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Sharpening the Saw --- Socially and Emotionally

I am sure we can all agree that to be fully healthy we need to be socially and emotionally healthy, which means health in our relationships. Stephen Covey, author of the bestselling 7 Habits of Highly Effective People, used the phrase “emotional bank account ” to describe the level of closeness and trust, or “richness” in our relationships. A large balance in the “bank” means lots of positive connection, trust, and closeness in the relationship. To have this large balance requires consistent and intentional deposits in the EBAs of my relationships

The Emotional Bank Account is at the center of all of your relationships. Essentially, the EBA is a measurement of how much “equity” you have earned with the other person. What does an emotionally strong and healthy relationship look like? Some of the characteristics of these relationships are:

Some of the characteristics of a healthy relationship are:

Respect - listening to one another, valuing each other's opinions, and listening in a non-judgmental manner. Respect also involves attempting to understand and affirm the other's emotions.

Trust and support - supporting each other's goals in life, respecting each other's right to his/her own feelings, opinions, friends, activities, and interests. It is valuing the other as an individual.

Honesty and accountability - communicating openly and truthfully, admitting mistakes or being wrong, acknowledging past use of abuse , and accepting responsibility for oneself.

Shared responsibility - making relationship decisions together, mutually agreeing on a fair distribution of work.

Negotiation and fairness - willingness to compromise, accept change, and seek mutually satisfying solutions to conflict.

Non-threatening behavior - talking and acting in a way that promotes both partners' feelings of safety in the relationship. Both should feel comfortable and safe in expressing themselves and in engaging in activities.

These characteristics are essential in family, work, and friendship relationships in order for them to thrive. All healthy relationships involve honesty, trust, respect, and open communication between partners, and they take effort and compromise from both people. There is no imbalance of power. Partners respect each other's independence, can make their own decisions without fear of retribution or retaliation, and share decisions.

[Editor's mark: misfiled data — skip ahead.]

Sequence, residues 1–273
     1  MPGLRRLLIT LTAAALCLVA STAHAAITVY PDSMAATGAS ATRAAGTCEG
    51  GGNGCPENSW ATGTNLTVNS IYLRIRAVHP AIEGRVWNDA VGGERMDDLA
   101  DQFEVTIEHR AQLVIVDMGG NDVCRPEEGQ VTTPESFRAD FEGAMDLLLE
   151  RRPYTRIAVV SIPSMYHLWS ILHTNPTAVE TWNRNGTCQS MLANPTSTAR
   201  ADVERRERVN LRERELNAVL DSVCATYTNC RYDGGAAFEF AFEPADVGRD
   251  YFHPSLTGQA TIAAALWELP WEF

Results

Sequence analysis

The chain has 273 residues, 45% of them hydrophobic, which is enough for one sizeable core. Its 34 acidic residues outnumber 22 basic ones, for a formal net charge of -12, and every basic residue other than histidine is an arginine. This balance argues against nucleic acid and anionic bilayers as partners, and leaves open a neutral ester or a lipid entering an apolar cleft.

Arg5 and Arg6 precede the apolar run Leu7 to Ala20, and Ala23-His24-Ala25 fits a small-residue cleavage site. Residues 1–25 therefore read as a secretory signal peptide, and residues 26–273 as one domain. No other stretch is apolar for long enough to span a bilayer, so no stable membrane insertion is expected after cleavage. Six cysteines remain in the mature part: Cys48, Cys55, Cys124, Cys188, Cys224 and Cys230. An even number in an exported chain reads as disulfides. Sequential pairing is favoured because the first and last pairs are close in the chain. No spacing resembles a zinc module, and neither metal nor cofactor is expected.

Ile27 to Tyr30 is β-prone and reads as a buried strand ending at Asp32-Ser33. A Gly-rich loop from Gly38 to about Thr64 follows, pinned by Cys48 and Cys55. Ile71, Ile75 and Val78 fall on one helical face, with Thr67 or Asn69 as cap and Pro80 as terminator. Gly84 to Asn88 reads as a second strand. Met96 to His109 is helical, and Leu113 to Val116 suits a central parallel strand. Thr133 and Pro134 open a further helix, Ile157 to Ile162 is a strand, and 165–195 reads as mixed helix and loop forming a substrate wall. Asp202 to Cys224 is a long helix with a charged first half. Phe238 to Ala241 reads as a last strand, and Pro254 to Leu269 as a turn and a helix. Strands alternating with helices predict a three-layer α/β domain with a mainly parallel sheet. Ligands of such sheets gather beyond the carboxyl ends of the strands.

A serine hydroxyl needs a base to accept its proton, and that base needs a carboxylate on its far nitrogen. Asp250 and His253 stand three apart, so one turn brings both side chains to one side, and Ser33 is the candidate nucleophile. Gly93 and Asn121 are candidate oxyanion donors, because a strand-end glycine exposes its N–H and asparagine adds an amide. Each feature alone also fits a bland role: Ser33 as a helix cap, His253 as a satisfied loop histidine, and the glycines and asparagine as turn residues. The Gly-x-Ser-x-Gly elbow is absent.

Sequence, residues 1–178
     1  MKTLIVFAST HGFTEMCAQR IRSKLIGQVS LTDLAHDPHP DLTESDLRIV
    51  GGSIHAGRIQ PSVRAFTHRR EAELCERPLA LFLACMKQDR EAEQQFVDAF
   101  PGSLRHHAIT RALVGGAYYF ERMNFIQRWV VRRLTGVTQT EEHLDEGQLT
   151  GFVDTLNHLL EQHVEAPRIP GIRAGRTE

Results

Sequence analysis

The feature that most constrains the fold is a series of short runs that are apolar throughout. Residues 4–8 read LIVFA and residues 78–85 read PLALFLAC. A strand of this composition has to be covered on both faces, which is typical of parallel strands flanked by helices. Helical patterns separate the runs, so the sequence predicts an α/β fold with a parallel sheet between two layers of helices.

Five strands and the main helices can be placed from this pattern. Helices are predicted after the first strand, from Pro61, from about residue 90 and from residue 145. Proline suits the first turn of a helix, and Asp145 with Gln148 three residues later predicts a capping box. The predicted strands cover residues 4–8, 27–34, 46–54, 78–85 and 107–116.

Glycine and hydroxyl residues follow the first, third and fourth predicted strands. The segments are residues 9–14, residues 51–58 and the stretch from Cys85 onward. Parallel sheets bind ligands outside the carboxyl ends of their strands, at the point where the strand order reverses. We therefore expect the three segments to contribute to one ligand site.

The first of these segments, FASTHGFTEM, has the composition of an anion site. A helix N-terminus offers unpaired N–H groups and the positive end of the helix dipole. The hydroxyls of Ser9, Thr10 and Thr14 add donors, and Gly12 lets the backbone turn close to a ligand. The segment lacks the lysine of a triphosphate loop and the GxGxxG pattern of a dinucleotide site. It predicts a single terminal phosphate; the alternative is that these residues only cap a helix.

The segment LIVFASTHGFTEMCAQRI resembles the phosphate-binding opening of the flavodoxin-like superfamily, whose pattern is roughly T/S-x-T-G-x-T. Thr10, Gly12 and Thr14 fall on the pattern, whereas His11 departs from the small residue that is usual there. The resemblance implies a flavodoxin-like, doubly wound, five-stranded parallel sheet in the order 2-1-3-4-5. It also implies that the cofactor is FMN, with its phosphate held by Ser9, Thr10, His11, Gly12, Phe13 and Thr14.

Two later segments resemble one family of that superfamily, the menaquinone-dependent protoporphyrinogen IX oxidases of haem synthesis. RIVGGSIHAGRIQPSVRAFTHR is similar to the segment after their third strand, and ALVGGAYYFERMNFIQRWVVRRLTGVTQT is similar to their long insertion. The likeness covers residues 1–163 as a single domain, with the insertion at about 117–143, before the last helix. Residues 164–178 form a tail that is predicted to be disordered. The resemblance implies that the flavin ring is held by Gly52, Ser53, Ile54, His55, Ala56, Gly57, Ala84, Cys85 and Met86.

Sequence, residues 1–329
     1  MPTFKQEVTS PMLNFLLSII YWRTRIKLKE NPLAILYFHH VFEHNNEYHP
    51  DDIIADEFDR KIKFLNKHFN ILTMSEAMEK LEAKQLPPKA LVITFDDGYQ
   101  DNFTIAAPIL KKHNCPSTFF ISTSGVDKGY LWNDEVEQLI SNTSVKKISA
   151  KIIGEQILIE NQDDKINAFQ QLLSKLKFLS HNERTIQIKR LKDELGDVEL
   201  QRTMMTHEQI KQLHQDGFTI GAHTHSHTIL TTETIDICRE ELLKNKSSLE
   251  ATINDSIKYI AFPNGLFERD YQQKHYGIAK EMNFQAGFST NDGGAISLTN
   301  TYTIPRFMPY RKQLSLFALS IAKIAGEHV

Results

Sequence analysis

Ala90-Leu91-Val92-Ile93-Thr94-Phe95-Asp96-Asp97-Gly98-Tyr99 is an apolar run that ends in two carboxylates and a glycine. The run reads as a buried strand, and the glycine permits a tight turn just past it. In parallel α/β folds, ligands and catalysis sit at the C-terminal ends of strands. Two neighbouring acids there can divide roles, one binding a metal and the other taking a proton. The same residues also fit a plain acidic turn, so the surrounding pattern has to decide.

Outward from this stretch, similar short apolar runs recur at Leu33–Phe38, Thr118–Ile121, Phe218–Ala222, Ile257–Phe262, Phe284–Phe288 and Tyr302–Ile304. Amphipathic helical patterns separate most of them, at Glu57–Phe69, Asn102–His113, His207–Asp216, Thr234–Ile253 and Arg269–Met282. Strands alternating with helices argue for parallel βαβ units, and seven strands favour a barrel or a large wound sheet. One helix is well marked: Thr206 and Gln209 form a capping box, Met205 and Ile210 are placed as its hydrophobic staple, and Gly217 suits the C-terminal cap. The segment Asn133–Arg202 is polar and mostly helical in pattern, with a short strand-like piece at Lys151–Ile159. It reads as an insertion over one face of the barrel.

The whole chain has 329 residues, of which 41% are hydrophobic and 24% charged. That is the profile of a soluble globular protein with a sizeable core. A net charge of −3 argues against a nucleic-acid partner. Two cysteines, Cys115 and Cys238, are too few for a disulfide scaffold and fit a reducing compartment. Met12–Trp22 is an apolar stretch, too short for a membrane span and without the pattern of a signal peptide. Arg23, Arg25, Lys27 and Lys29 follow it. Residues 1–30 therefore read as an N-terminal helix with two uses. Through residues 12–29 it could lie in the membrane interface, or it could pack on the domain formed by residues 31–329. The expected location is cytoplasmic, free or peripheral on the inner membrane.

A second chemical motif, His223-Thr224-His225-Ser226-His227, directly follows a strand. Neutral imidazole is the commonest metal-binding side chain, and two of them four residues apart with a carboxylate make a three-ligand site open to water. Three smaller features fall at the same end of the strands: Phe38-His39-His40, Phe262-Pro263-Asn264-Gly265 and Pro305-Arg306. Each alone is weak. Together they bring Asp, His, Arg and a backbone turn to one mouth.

What are deposits and withdrawals in a relationship? DEPOSITS = positive, caring, kind words and actions that make the person feel cared for and respected. WITHDRAWALS = negative, cutting words and actions that hurt and make a person feel unloved and disrespected.

We all have plenty of experiences where another person made a withdrawal from our Emotional Bank Account. If you consider the kinds of things that hurt or damage someone’s relationship with you from your own perspective, you will realize that you have made these mistakes as well and will be more likely to do better. Common withdrawals include criticism, ignoring, lack of follow through with something you said you would do, being disloyal, dismissive, withdrawal (physical and/or emotional), and being unavailable.

What exactly are “deposits” into the emotional bank account of our most important relationships? How can we intentionally make those deposits? Showing interest and attention, offering verbal or physical affection, giving compliments, listening, following through with commitments, showing understanding, apologizing, and showing up or spending time together are acts that offer connection, and build closeness. Anything that says “you are important to me, and I value you” will make a deposit.

It is vital that you take good care of your own emotions.

Emotions give color to our lives, and taking good care of our emotions can bring additional brightness and vividness to our daily existence. On the other hand, neglecting our emotions can quickly drain the color from our lives and life can quickly become dull, gray, and dull.

There are many things we can do to be emotionally fulfilled in our lives. Here are a few examples:

· Build strong relationships

· Have deep and meaningful conversations

· Spend intimate time with your partner

· Give service

· Meditate

· Find things to be grateful for every day

· Do at least one thing you enjoy per day

If this is a serious problem for you, you can get help learning to manage negative thoughts and emotions better with cognitive-behavioral therapy.

You can’t be at your peak productivity if you don’t feel good about yourself and your work. That requires emotional health. Reflecting on your feelings, connecting with people, being grateful, expressing yourself - all that leads to better emotional health.

It’s also important to learn how to process emotions in a healthy way, especially the negative ones. Since emotions are closely connected to our mind and way of thinking, this layer also includes managing negative thoughts properly and staying optimistic in life. I find connecting with like-minded people in church, small groups, support groups, interest groups is a key element in maintaining my own emotional and social health.

Improving emotional awareness and equipping ourselves with emotional - management tools (together often referred to as emotional intelligence) is so essential that it can be one of the greatest investments a person can ever make.

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